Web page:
The group of private rail operators, united in the Federation of Mobility Companies in the Netherlands (FMN) – which includes Arriva, Transdev and Keolis – again received no response in a lawsuit against the State of the Netherlands. The regional rail operators – but also a number of rail companies operating abroad – find it unacceptable that the Ministry of Infrastructure and Water Management awarded a private contract to the Dutch Railways (NS) in 2020 for the main rail network for the period 2025-2033. According to the carriers, this award would be in conflict with European rules on the liberalization of the rail network, according to the reporting of the digital Magazine Passenger Transport.
For the second time in a short time, the FMN loses a lawsuit on the same matter. In December, the private rail operators also lost summary proceedings against the State. In the proceedings on the merits they had initiated, they again lost the short straw today. The carriers claim that the concession for the main rail network (HRN) is good for a turnover of at least €20 billion. The NS concession for the main rail network, which houses the intercity trains and a large number of local trains, will expire at the end of 2024. NS pays the State €200 million annually for operating this concession.
The judge's decision is extremely disappointing for the FMN. The court refers the group to the specialized administrative court designated by the legislator, the Trade and Industry Appeals Tribunal (CBb). There they can only try to get their story after "a final concession has been granted".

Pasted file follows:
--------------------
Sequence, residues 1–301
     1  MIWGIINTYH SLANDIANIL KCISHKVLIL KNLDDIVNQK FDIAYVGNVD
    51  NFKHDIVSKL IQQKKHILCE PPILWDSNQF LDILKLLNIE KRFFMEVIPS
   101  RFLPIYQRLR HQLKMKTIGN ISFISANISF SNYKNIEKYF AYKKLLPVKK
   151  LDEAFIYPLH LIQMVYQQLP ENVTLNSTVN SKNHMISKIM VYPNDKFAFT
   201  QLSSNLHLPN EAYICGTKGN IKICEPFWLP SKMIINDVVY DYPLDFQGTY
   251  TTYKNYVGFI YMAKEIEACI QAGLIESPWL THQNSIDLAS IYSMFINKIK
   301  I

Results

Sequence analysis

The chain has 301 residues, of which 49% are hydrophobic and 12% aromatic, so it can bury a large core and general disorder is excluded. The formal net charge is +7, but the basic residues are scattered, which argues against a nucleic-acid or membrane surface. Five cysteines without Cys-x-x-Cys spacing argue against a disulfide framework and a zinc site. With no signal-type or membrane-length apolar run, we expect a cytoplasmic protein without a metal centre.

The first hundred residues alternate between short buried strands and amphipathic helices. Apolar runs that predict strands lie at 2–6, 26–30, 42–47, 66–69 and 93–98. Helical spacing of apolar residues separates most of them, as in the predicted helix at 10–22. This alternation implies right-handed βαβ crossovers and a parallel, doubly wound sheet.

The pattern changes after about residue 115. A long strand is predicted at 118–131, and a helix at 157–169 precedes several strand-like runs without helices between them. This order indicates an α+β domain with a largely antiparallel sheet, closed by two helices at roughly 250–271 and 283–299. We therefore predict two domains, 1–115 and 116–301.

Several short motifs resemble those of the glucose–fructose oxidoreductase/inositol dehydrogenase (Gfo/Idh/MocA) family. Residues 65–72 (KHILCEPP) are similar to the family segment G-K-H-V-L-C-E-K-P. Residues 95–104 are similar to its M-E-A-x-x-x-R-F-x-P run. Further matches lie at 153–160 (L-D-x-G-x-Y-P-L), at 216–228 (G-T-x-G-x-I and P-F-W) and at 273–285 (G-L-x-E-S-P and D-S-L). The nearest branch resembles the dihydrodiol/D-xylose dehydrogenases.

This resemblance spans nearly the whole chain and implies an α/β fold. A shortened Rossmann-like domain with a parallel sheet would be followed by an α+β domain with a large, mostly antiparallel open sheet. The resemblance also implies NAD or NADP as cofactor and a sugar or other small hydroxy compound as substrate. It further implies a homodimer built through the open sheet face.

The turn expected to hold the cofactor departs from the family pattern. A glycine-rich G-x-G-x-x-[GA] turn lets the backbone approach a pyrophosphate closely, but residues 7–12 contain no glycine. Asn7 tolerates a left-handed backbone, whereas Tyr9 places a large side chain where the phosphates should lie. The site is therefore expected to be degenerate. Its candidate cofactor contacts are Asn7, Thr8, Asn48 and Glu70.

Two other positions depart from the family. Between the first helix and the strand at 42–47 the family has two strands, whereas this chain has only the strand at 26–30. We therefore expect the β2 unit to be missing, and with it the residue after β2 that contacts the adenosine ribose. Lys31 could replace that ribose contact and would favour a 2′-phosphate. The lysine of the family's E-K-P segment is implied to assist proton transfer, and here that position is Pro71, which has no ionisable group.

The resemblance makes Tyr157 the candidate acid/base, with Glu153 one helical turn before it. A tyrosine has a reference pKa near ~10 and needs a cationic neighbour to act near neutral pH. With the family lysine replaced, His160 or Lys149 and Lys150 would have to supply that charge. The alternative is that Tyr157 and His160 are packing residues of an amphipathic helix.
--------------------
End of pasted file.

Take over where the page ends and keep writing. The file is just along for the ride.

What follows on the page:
If the court were to rule now, there is a risk that after the final concession has been granted, two cases will be pending on this matter: one case before the CBb and one before the civil court. In addition, according to the court, "there is a danger of conflicting judgments and of uncertainty about which judgment is decisive."
In response to the court ruling, the FMN argues that the European Commission should go to the Court of Justice of the EU for clarification of European legislation and regulations. That court can provide clarity about the extent to which the Dutch State violates European legislation and regulations by privately awarding the main rail network concession to NS. Dutch judges have not yet asked for such an explanation, says the FMN. By referring the case to the CBb, a ruling is only possible once the State has actually granted the concession to NS.